August is National Sandwich month! With school around the corner, it’s a great time to learn to make the PERFECT sandwich. Sandwiches are a quick, easy and an affordable way to pack in nutrition when hiking or biking too!
Start with a whole grain base and go from there! Next, add a protein source such as lean meats or plant proteins, like peanut butter or tofu. Then load up the fruits and veggies from lettuce and tomato to apples and cucumbers – the options are endless! Finish your sandwich with a spread or low-fat dressing.
This message is brought to you by the UConn Extension PATHS team – People Active on Trails for Health and Sustainability. We are an interdisciplinary team of University of Connecticut extension educators, faculty, and staff committed to understanding and promoting the benefits of trails and natural resources for health, community & economic development and implementing a social ecological approach to health education.
Lambing season rolls around every spring, and with it comes night lamb checks, fuzzy little faces bleating for mama, and hopefully, healthy ewes and lambs. But ensuring that those lambs and ewes are healthy at birth starts long before lambing occurs.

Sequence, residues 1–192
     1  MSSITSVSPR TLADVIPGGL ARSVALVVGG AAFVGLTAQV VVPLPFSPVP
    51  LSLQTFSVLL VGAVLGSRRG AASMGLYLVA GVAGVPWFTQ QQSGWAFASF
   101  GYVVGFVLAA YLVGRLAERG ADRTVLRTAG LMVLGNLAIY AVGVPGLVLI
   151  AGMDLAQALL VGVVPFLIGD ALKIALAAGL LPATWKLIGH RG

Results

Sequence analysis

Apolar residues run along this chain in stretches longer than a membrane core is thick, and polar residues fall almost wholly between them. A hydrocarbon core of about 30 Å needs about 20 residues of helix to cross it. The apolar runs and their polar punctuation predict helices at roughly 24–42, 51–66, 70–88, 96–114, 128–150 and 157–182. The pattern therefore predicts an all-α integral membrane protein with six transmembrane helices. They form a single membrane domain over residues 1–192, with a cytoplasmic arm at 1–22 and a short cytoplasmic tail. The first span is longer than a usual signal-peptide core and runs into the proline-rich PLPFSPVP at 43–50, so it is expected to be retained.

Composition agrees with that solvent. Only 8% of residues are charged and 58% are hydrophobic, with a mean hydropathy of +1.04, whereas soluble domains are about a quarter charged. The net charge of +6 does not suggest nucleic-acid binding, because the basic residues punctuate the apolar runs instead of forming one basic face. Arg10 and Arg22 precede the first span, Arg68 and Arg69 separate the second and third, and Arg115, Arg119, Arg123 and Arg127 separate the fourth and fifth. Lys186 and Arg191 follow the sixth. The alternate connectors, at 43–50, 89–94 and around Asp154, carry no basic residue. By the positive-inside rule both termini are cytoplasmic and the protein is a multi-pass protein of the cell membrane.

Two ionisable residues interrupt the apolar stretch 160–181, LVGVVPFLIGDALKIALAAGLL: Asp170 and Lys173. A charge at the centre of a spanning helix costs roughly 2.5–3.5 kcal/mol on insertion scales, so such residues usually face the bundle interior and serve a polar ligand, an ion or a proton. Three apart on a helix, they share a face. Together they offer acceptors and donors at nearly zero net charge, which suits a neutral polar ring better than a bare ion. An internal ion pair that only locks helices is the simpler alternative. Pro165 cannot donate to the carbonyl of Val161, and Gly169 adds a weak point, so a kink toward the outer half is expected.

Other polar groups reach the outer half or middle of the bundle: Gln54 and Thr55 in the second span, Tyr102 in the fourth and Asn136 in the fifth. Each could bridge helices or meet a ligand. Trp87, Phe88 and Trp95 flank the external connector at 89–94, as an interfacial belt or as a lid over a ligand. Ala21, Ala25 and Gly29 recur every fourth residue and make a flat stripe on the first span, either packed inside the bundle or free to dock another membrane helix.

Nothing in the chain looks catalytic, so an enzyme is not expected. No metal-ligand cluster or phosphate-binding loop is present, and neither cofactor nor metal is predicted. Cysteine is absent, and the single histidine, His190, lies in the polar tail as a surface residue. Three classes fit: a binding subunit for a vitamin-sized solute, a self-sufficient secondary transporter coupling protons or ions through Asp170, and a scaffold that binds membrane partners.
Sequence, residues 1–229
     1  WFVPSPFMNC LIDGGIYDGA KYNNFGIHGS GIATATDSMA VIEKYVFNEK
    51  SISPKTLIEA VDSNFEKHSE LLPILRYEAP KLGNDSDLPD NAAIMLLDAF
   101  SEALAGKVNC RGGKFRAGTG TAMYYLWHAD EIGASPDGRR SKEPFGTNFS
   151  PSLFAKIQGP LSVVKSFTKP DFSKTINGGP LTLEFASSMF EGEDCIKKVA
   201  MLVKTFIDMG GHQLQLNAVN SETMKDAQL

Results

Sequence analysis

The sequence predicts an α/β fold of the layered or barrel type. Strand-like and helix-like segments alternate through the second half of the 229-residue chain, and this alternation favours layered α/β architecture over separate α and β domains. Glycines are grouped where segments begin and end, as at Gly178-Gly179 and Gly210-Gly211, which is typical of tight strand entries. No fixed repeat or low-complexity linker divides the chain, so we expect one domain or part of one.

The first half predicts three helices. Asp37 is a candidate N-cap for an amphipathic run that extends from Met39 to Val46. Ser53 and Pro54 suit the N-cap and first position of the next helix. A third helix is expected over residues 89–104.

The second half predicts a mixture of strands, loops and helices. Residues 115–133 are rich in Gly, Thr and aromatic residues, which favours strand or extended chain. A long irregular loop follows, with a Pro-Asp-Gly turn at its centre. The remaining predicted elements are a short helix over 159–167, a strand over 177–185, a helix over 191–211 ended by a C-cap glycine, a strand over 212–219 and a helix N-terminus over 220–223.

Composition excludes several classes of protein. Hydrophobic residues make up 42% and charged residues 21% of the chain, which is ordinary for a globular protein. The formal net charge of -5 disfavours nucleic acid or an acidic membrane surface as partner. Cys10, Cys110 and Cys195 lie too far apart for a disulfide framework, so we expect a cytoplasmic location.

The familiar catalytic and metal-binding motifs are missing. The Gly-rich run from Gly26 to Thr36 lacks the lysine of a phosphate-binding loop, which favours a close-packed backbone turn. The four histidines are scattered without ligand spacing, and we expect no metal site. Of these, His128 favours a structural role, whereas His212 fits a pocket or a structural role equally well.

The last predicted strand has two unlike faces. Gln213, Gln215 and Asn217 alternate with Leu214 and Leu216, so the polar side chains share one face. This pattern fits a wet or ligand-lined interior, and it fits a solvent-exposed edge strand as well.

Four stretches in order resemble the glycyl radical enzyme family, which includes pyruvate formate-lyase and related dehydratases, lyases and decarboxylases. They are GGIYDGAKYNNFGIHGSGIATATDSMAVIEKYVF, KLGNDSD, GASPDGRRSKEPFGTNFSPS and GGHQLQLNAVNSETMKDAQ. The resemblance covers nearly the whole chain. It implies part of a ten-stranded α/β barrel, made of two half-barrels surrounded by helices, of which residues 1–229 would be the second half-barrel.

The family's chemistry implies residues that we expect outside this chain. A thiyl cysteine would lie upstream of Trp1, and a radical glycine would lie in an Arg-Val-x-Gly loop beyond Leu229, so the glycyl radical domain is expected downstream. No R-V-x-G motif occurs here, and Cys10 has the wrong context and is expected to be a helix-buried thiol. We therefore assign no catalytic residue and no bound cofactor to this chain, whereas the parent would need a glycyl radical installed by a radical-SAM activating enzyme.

Our research group focuses on how the ewe’s diet while she is pregnant affects the growth and development of her lambs. When a ewe is provided excess or restricted nutrition during pregnancy, it affects her ability to support the proper development of her lambs. This is compounded when ewes carry larger litter sizes (2 or more lambs). Development of the lambs during gestation prepares those animals for growth after lambing. Ewes that are over- or under-fed during pregnancy produce lambs that ultimately end up with more fat and less muscle. This is undesirable because there is less meat produced and the animals are less healthy due to increased body fat. Further, lambs from poorly nourished ewes tend to have more connective tissue, resulting in tougher cuts of meat. But there are strategies that producers can easily employ to improve the health and productivity of their flocks.
Transabdominal ultrasound during early pregnancy (around day 30) can be performed with the ewe in the standing position, with little stress to the animal, and in less than 5 minutes per animal by a skilled technician. Ultrasound can provide critical information, such as how many lambs a ewe is carrying and, when appropriate fetal measurements (such as the length from the crown to the rump) are taken, an estimated due date can be calculated. Ewes with larger litter sizes require additional feed, but are also at greater risk for ketosis in late gestation. Identifying the number of offspring early will allow farmers to prevent complications during and after pregnancy.